About Us: Overview

students in Nome

Alaska has 54 school districts, many of which are located in rural parts of the state. Most districts face high rates of teacher turnover and a general shortage of Alaska Native teachers. The Alaska Teacher Turnover, Supply, and Demand: 2013 Highlights report found that while Alaska Natives make up 22% of the student enrollment in K-12 public schools statewide, Alaska Native teachers represent only 5% of the teaching force.

Future Educators of Alaska (FEA) is a statewide collaborative effort to inspire Alaska Native K-12 students to become teachers and administrators. It is administered within the UA Statewide Academic Affairs Office of K-12 Outreach, in partnership with Alaska Teacher Placement and the Alaska Native Education Association.

The FEA program is patterned after the National Future Educators Association operated by Phi Delta Kappa International. With over 1,000 chapters across the world, their mission is to provide students with the opportunities to explore careers in education. FEA is unique in that it has culture-based FEA club activities from the five major cultural regions of Alaska.

FEA was developed in 2003 as a result of five rural educator forums co-hosted by the Alaska Teacher Placement (ATP) program at the University of Alaska. The common theme that emerged from forum discussions was the need to grow our own teachers. As a follow-up to these forums, ATP, in partnership with the Alaska Federation of Natives and three rural school districts, applied for and received funds from the US Department of Education to establish the statewide program (formerly Future Teachers of Alaska). Under the three-year grant, over 20 clubs were established in the Bering Strait School District, Lower Kuskokwim School District and Nome Public Schools.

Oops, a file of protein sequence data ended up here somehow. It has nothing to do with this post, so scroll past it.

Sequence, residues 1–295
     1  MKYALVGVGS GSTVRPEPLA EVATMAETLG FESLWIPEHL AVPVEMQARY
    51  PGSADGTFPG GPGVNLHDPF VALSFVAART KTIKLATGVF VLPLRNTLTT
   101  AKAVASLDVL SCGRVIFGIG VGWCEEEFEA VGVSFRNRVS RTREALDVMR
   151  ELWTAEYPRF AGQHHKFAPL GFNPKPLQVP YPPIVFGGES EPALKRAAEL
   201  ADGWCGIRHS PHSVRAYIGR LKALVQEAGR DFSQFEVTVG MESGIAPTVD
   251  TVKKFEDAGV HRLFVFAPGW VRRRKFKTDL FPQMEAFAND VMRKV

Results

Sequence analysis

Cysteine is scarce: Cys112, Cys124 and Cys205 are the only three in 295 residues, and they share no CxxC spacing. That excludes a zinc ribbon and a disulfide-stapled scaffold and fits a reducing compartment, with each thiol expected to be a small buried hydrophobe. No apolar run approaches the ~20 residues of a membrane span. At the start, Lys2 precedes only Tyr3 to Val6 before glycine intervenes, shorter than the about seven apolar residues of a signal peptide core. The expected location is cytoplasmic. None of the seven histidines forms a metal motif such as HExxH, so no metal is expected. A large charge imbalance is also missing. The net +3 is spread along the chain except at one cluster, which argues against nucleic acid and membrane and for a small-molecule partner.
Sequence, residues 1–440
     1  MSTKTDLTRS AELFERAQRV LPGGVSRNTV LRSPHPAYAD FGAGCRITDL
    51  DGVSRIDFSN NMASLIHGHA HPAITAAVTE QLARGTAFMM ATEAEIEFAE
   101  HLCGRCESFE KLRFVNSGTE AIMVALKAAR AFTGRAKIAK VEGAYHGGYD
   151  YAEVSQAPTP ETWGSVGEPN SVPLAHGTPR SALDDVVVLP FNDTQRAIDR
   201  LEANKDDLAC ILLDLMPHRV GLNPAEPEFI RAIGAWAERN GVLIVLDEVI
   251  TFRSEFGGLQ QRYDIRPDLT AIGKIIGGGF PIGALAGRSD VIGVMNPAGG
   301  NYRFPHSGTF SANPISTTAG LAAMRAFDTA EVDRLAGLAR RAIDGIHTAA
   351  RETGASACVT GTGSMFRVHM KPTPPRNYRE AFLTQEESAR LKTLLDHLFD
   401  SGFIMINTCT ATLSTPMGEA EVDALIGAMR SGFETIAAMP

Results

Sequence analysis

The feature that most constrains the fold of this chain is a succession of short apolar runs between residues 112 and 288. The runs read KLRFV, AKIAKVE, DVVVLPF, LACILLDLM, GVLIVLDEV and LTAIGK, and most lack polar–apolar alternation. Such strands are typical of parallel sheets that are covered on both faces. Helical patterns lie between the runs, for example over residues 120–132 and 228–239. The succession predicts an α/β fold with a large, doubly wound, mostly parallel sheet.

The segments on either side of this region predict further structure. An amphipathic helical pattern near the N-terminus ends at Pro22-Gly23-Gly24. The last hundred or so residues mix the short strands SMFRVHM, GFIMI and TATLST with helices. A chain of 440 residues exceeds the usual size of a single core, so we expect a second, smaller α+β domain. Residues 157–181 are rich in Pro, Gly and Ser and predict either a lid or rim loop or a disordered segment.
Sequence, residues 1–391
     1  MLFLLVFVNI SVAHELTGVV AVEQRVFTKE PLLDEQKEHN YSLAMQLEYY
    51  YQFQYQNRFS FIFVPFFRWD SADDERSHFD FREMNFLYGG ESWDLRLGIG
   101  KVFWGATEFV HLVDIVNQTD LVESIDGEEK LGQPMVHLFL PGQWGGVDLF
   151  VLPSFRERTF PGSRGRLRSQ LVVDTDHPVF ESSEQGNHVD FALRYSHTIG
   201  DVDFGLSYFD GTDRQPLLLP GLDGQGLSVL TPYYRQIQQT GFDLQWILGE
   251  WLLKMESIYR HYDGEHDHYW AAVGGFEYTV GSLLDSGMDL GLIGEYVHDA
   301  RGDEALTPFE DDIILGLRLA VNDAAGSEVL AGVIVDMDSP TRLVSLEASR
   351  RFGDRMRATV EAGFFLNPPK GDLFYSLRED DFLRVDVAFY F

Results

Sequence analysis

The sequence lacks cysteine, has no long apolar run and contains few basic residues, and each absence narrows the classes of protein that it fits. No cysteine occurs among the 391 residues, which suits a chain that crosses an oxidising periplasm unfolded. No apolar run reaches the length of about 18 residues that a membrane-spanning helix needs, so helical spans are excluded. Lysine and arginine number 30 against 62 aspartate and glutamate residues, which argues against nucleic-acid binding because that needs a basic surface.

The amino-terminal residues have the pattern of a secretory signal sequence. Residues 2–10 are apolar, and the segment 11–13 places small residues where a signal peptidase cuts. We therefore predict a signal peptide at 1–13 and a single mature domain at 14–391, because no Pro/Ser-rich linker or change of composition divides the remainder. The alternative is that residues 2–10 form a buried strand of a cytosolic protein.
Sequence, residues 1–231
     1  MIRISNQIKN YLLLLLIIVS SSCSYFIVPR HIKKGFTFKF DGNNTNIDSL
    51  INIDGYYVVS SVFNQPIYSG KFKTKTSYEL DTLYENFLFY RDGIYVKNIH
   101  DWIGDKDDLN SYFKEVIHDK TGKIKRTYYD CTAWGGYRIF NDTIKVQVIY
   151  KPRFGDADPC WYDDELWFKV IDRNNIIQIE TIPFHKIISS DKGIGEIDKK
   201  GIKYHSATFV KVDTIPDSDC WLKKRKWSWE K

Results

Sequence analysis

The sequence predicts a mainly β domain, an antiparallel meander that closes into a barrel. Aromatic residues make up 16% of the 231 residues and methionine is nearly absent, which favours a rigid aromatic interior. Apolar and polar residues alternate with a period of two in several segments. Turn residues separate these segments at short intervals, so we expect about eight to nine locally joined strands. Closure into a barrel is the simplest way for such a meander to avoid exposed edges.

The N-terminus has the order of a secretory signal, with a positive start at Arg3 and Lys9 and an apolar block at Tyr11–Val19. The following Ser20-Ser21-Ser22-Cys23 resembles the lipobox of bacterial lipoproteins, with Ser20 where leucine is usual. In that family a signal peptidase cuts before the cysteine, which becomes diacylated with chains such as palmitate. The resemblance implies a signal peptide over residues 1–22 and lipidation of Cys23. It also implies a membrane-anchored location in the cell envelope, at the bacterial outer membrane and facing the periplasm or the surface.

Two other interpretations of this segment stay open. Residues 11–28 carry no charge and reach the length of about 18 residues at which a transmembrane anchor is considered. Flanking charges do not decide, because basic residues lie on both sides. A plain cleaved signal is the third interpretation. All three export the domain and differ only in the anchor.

A second three-year grant was awarded in 2006 through a partnership with the Alaska Native Education Association. As a result, the program expanded to four additional school districts (Lower Yukon, Northwest Arctic Borough, Lake and Peninsula, and Yukon Flats) and numerous affiliates.
In 2009, FEA was awarded U.S. Department of Education funding for another three years (2009-2012) to:

  • Expand FEA to all the cultural regions across the state of Alaska.
  • Build statewide sustainability by supporting students along the pathway towards higher education.
  • Plan and implement a college preparation and career exploration process that can be used at all University of Alaska campuses.
  • Integrate FEA into the State Workforce Development System.

IIn 2012, the Alaska Department of Education and Early Development awarded FEA a Carl Perkins Career and Technical Education grant to further support FEA program efforts to build career pathways for students interested in education careers. Through this grant, and with additional support from the University of Alaska Technical Vocational Education Program, FEA gained recognition as Alaska’s seventh Career and Technical Student Organization.

Program Partners Include:
  • Alaska Native Education Association
  • Interior-Aleutians Campus: Bridging the Gap
  • UAS Preparing Indigenous Teachers & Administrators for Alaska's Schools
  • Rural Alaska Honors Institute
"FEA is necessary for improving the career outlook and opportunities for students in rural Alaska."
Jennifer Romer, Teacher

FEA Web of Connections

FEA WEB OF CONNECTIONS:

FEA operates based on a "web of connections" that begins with the FEA students at its core. Students are guided by a local FEA Advisor (most often a teacher or school counselor). FEA Advisors are networked with a FEA Coordinator (typically a school district employee) who serves as a point of contact for all Advisors in their school district as well as the statewide FEA staff. The connections continue at the statewide level with partners that include the Alaska Native Education Association, PITAAS and ANESA, the FEA Planning Group and FEA Advisory Committee, as well as the many communities that support and nurture FEA students.